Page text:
Enrile: Even Congress can’t stop water firms, it’s the contractBy Norman Bordadora |Philippine Daily Inquirer
Not even Congress can stop the practice of water concessionaires of passing on the cost of income tax payments to consumers if this is provided for under the contract they entered into with the Metropolitan Waterworks and Sewerage System (MWSS), Sen. Juan Ponce Enrile said.
Enrile, a former secretary of justice under the Marcos administration, said the government could renegotiate its deal with the concessionaires.
Another option, he said, was to let the courts decide on the matter.
Enrile made the remarks amid the public uproar over Manila Water’s and Maynilad’s recovery of the cost of income tax and even entertainment expenses through fees collected from their customers.
The Water for the People Network said the two concessionaires passed on to customers in Metro Manila and nearby areas not only P15.3 billion in income taxes from 2008 to 2012 but also the cost of such expenses as entertainment, recreation, corporate donations and even flowers.
Stakeholders and lawmakers have called for a congressional inquiry into this practice.
“I don’t know if Congress has the power to intervene, because it’s very clear that you cannot impair the obligation of contracts. Now, the only remedy here of the government would be to renegotiate the contract if, the parties agree,” Enrile said in a TV5 interview, a transcript of which was given to Senate reporters.
Told that the MWSS as a regulator had already moved against the pass-on provision in connection with the concessionaires’ income tax, Enrile said: “How can they do that? They are in effect violating their contract.”
“The government itself was the one who entered into a contract with these concessionaires. They have to renegotiate it,” he said.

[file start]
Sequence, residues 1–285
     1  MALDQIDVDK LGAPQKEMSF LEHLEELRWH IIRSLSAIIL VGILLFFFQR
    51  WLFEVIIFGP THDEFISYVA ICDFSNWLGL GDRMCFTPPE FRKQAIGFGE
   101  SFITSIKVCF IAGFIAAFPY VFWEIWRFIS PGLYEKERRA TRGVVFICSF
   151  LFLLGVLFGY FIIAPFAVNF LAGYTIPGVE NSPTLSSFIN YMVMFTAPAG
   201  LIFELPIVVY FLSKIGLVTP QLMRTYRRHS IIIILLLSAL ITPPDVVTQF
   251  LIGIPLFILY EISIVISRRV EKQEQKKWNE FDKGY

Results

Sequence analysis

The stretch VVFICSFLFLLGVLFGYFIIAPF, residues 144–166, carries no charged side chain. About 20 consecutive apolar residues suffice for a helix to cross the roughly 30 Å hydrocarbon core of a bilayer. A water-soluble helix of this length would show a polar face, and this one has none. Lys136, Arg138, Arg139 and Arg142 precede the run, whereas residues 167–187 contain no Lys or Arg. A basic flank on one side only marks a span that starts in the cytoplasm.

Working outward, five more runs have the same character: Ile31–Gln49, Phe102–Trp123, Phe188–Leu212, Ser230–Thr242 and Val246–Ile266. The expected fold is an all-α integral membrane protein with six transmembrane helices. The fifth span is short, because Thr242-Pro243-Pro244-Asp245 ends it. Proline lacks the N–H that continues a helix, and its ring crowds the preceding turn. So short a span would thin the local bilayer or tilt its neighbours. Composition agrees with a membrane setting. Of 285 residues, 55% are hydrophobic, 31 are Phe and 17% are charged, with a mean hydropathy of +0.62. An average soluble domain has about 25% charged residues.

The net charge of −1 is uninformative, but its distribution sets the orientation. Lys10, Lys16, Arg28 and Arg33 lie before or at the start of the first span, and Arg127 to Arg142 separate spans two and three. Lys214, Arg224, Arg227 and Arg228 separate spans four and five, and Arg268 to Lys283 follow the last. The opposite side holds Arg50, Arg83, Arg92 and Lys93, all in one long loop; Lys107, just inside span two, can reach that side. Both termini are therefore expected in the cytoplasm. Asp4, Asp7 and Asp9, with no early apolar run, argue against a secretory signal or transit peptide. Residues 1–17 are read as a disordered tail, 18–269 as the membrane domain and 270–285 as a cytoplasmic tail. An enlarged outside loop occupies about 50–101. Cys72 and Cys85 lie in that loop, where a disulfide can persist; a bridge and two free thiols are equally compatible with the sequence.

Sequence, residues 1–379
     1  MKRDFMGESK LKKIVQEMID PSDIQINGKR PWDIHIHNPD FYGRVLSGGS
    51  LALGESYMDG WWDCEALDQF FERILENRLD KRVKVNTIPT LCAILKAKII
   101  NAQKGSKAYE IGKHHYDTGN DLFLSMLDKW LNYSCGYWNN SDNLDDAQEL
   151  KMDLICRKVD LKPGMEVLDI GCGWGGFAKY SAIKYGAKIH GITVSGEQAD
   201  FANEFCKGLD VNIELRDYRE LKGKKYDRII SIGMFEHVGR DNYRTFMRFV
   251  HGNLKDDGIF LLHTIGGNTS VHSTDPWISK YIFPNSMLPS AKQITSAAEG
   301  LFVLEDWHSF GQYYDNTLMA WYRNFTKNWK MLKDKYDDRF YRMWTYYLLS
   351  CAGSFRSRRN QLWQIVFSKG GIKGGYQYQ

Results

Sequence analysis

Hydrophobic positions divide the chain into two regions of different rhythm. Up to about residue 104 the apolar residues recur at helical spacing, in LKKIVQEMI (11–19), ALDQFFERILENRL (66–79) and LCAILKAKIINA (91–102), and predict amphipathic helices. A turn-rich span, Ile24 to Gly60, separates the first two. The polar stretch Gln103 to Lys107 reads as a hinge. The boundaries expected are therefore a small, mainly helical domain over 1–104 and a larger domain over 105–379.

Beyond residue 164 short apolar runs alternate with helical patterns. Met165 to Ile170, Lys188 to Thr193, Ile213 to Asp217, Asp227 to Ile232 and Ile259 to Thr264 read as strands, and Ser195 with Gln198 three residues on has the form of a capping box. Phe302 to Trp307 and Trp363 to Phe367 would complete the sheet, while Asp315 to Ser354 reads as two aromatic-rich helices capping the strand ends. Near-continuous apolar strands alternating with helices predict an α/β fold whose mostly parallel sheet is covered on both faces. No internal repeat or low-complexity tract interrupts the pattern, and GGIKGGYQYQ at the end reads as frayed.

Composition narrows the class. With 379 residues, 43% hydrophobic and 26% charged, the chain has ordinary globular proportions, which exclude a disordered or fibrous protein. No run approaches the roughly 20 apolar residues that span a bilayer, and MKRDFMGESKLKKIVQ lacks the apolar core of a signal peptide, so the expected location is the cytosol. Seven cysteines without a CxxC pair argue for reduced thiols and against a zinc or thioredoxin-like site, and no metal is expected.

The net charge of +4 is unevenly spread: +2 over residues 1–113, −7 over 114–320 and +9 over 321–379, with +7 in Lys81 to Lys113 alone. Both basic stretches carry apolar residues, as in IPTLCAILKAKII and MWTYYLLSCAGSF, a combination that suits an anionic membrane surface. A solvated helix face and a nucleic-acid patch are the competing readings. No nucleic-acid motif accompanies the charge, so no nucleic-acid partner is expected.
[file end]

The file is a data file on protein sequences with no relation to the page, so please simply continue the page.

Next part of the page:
On June 7, the MWSS Regulatory Office revoked a resolution issued in 2004 during the administration of then President Gloria Macapagal-Arroyo, which allowed Manila Water and Maynilad to recover income tax expenses through customer fees.
However, the new resolution still needs the approval of the MWSS board.
The five-member MWSS Regulatory Office adopted Resolution No. 04-006CA in July 2004 that recognized the concessionaires not as public utilities but as mere agents of the MWSS.
If Manila Water and Maynilad were public utilities, they could not include income tax in their computation of operating expenses that could be recovered through tariffs.
Manila Water is seeking an increase of P8.58 per cubic meter in its basic charge, while Maynilad wants an increase of P5.83 per cubic meter from 2013 to 2017. Manila Water currently charges P38 per cubic meter and Maynilad, P48 per cubic meter.
Enrile said the two companies made a proposal to the government when they entered the concession agreements “that they’ll invest money, they will reduce the water losses. I think at that time, if I remember correctly, the losses from deliverable water supply was something like, 50 percent or thereabouts.”
“So, if they were successful in refurbishing the system and introducing investment, I do not know how much investment they have introduced. They have the right to recover that investment only within the concession period,” he said.
The MWSS privatized the then inefficient water distribution system in Metro Manila and nearby cities and towns in 1997.
Since then, water services have improved tremendously.
Romeo Bernardo, a former finance undersecretary who sat on the MWSS board in the 1990s, said: “Manila Water’s early achievements in slashing nonrevenue water, raising water deliveries by over 2.5 times, doubling the number of customers and at a 24-hour water availability service level are, most importantly, meeting health standards which I understand is being replicated in the west zone since the entry of Metro Pacific [in Maynilad] in late 2006.”
Bernardo said that “(i)n a span of six years to 2012, Maynilad has also reclaimed 600 mld (million liters per day) of water by reducing nonrevenue water from 66 percent to 43 percent, raising volume of water deliveries from 629 to 1,200 mld, and serving eight million customers (from six million) with 24/7 water availability, including some 1.7 million in poor communities.”